Home Aviation Personnel SheEngineer: NAMA boss drums support for active female engagement in engineering

SheEngineer: NAMA boss drums support for active female engagement in engineering


.…as Engr. Agubata lists achievements in STEM training

The Managing Director, Nigeria Airspace Management Agency (NAMA), Mr Lawrence Pwajok has called on all stakeholders in the aviation sector, women and advocacy organizations, to encourage the active participation of females in the aviation industry. 

He said, this can be done through the creation of more opportunities for women, advocacy development at all levels.

Pwajok in a key note address at the launch/awards of SheEngineer 30% Club, an initiative of Engr. Felicia Agubata said, to achieve the fulfillment of the SheEngineer 30% Club objectives by the year 2030 all hands must be on deck to reorientate, encourage and mobilize young girls to take up careers in aviation.

According to Pwajok, gender diversity and inclusion was the step in the right direction in Nigeria if the industry is to be preserved and made relevant for future generations.

He noted that  SheEngineer 30% Club is the fuel driving the notable transformation in the aviation, automotive and energy sectors in Nigeria. 

The NAMA boss noted that the International Civil Aviation Organization in 2021, in a bid to encourage women in aviation, announced a 50 per cent discount on various aviation courses and certifications for women. 

“The announcement was in line with the Sustainable Development Goal 5 (gender equality) of the 2030 Agenda for Sustainable Development founded by the United Nations”.

He added, “Although progress has been made, it however seems slow, and thus, stakeholders in the aviation industry should be encouraged to do more in promoting gender diversity and inclusion. This is one reason, the SheEngineer 30% Club is a welcome development”.

Pwajok said as issues of gender diversity and inclusion continue to top the agenda of most organizations in aviation, with an increasing number adopting diversity and inclusion policies like SheEngineer 30% club, the sector’s overall population is becoming increasingly diverse, and cultivating diversity and a culture of inclusion would continue to remain a key tenant for successful organizations in aviation in the coming years.

“In recent years, organizations like the International Air Transport Association (IATA) has launched initiatives such as the IATA 25 by 2025 gender diversity initiative, a voluntary initiative for the aviation sector to improve female representation in the industry”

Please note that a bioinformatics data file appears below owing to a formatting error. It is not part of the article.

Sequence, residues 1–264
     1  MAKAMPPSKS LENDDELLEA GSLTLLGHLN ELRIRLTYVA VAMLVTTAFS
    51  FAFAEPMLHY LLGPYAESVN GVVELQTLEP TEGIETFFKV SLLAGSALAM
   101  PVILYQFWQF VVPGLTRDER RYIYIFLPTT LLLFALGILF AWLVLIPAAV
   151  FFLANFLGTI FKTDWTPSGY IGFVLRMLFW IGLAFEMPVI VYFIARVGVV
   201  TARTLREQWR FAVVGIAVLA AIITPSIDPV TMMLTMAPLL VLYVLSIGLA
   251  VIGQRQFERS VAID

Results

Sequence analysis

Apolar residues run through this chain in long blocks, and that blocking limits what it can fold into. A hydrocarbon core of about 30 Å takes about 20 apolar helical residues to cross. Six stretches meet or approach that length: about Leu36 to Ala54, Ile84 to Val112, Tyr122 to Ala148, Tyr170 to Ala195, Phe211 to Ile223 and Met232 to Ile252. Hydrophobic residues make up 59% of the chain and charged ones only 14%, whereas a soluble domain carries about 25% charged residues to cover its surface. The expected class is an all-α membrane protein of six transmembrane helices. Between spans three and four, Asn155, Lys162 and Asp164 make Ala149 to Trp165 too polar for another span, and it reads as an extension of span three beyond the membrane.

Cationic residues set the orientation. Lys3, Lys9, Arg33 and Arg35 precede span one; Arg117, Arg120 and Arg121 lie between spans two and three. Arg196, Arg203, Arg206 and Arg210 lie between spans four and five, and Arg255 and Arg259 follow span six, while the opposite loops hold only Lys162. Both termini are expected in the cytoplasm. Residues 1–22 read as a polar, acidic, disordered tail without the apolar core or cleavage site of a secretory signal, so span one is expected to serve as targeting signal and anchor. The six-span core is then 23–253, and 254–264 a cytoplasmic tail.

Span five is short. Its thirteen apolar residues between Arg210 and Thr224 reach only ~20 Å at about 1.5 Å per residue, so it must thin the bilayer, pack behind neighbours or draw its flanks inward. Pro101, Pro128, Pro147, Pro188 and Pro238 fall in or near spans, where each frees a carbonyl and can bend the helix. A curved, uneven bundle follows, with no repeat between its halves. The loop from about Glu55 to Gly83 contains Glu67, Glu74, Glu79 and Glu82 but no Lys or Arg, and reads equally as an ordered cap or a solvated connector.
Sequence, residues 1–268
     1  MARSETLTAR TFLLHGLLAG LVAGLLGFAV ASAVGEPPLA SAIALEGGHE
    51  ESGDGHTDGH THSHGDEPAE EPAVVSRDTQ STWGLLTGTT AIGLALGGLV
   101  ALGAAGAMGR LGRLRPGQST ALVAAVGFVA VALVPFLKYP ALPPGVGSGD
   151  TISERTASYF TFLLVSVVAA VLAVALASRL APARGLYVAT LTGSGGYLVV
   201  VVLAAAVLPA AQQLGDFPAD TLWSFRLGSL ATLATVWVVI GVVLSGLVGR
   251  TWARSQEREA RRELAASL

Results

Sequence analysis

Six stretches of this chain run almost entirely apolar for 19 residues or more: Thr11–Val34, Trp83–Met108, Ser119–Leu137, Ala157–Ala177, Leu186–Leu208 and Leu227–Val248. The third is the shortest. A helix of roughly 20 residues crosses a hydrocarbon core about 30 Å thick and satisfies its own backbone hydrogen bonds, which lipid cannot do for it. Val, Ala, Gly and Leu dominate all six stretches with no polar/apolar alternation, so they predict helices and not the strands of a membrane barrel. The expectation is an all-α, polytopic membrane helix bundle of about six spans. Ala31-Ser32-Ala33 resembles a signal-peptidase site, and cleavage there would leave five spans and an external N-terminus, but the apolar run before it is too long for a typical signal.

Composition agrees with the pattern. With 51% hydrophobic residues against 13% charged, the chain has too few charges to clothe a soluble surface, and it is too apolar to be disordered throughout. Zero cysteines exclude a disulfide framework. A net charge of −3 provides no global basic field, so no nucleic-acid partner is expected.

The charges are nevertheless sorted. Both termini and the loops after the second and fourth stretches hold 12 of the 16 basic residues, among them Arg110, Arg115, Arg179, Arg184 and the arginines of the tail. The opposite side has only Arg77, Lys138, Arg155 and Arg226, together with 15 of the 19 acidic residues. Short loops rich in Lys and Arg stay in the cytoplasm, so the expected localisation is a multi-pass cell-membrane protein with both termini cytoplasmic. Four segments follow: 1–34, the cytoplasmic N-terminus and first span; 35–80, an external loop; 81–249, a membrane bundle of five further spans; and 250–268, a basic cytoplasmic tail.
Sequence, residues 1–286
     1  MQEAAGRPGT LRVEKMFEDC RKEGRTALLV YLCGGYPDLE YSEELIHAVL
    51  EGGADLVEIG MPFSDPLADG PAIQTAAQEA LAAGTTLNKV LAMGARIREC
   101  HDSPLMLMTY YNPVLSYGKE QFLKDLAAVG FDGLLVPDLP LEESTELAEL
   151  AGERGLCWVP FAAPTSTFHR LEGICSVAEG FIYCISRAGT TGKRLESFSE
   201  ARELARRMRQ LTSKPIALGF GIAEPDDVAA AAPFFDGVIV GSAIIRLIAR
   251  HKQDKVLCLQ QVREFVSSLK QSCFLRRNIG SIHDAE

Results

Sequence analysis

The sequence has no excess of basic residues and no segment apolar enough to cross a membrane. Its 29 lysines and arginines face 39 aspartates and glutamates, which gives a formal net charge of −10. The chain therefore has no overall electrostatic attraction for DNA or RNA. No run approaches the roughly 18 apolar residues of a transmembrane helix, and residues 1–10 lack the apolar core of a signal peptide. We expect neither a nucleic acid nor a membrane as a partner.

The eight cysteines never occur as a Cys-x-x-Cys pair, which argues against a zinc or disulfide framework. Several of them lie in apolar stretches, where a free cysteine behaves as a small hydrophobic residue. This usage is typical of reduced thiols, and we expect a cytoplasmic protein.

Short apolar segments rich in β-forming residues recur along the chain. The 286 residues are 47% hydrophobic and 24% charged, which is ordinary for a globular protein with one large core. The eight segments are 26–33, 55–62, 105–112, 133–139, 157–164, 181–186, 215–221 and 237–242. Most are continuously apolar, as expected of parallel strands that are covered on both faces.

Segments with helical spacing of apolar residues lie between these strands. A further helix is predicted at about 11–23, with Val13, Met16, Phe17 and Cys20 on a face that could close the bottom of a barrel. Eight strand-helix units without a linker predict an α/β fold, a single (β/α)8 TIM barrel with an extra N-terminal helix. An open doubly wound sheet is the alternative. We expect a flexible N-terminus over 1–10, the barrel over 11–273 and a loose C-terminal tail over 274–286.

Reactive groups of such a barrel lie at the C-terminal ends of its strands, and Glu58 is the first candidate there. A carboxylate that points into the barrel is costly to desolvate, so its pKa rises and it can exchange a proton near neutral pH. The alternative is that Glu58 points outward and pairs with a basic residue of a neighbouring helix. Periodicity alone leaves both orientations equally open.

“The campaign was to serve as an initial step to making the aviation industry more gender balanced. The campaign which was launched in 2019 is seeking to create opportunities for more women with sought after aviation technical and policy qualifications and experience in the aviation sector across the globe”.

Pwajok explained that the aviation sector was a major contributor to Nigeria’s economic growth with sector supporting over 241,000 jobs and contributes over $1.7b to GDP. representing 0.4% of the nation’s GDP as noted by the International Air Transport Association (IATA) but noted with sadness that only about 13% of jobs in aviation are held by women.

According to him “Today, the aviation industry is grappling with methods to improve inclusion and diversity. With majority of aircraft pilots, Air traffic Engineers, flight engineers , Air traffic controllers and aviation administrators in Nigeria being male. The executive side has not fared any better as only 3% of managerial and executive”.

Presenting her concept note for the SheEngineer 30% Club project, Engr. Felicia Agubata said the Club is a Royal Academy of Engineering UK funded initiative by the Association of Professional Women of Nigeria (APWEN) to build a voluntary network of Professional engineering institutions, business and organisations in the aviation, automative and energy sectors in Lagos state to achieve a 30% minimum gender balance within their workforce by 2030.

Agubata said records have shown that over 5.5 million girls were out of school in Nigeria while 40 percent never attended school adding that more boys 61 percent enrolled for primary education than girls with 56 percent.

The Former President of APWEN also disclosed that there are more males studying engineering in universities than female that are predominantly studying non scientific and non technical disciplines.

Agubata noted that women are largely under represented in engineering sector in the country while professional women engineers have been known to suffer discrimination at work, stressing that the situation has led to capital flight and brain drain for Nigeria.

Enumerating some of her achievements, Agubata said 79 female engineers capacity have been built on how to effectively train STEM teachers while 300 girls in public secondary schools in Lagos State have been mentored to take up engineering as a career.

She opined that more job opportunities for female should be created, employers must be committed to retain and support talented women while positive workplaces should be created through training in equality and diversity.


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